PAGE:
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Police mass wedding suspended over funds

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By ANDREW BAGALA

Posted  Thursday, July 24   2014 at  12:59
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KAMPALA.
Police have suspended a mass wedding they were organising for their officers after failing to find funds.

At least 50 officers at Nsambya and Naguru barracks had already registered to be wed with their partners in a mass wedding.

Police unit commanders outside Kampala had also received thrice that number registered in Kampala. The mass wedding was slated for September in Kampala.

Mr Fred Enanga, the police spokesman, said they wanted to use the budget of the centenary celebrations to organise a wedding for their officer but funds may not allow.

“These event needed a lot of funds since it involved officers all over the country. We have temporarily suspended the mass wedding because we couldn’t find funds in the centenary celebration budget but if we get funds, we shall organise it,” Mr Enanga said yesterday.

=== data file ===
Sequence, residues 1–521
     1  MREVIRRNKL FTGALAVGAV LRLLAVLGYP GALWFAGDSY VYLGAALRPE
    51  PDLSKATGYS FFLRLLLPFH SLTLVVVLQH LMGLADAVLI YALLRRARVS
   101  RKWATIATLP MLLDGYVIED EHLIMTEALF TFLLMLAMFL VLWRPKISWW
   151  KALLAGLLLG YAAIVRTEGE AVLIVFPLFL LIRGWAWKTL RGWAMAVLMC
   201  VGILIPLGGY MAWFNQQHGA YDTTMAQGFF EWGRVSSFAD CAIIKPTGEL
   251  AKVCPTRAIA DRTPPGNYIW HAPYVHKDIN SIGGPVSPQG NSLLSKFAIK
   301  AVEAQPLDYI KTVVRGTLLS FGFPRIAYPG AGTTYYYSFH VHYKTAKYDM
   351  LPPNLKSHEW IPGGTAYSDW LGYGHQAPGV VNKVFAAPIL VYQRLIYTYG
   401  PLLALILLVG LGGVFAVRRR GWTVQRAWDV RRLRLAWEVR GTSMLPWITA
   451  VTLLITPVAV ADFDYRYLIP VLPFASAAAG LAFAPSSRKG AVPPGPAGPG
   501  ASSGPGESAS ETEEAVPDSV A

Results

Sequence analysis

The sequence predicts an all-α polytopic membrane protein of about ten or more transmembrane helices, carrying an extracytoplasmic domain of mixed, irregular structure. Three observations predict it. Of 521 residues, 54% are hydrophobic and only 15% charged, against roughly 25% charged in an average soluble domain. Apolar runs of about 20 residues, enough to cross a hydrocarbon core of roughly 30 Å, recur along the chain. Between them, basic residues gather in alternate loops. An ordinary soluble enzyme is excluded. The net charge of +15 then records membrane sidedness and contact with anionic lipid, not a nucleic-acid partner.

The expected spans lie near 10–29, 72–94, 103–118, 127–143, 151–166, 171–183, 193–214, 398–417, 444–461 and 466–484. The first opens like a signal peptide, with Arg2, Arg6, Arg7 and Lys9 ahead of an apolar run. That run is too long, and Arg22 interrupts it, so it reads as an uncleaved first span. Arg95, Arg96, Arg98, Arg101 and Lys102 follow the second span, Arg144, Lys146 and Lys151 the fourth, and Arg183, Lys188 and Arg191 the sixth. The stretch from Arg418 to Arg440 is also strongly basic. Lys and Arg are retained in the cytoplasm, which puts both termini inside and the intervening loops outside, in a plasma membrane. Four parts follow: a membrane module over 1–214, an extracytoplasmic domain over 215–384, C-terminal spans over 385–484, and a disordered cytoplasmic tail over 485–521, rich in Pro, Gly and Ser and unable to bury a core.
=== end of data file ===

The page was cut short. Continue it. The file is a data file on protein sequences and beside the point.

The idea of having a police mass wedding was started by Nsambya Catholic Church priest who saw several of his police flocks unmarried because they didn’t have funds to organise weddings.

At least 40,000 officers are below the rank of Assistant Superintendent of Police with the highest paid among them getting Shs5m which is half of the budget of an average wedding.

The priest asked the officers to have a mass wedding, the idea that was sold to the Inspector General of Police, Gen. Kale Kayihura, who approved it.

However, Mr Moses Otala, the coordinator of police mass wedding, wasn’t aware of the new developments.

Mr Otala said their studies have shown that married officers work better in field than their unmarried or cohabiting colleagues.
“We expect the wedding to be held in September to early October this year as we celebrate police’s centenary,” Mr Otala said.

The nature of police work that involves constant movements makes them susceptible to having multiple partners, which puts them at the risk of catching HIV.

The Police HIV/Aids prevalence rate is at 12 per cent higher than the national rate of 7.3 per cent.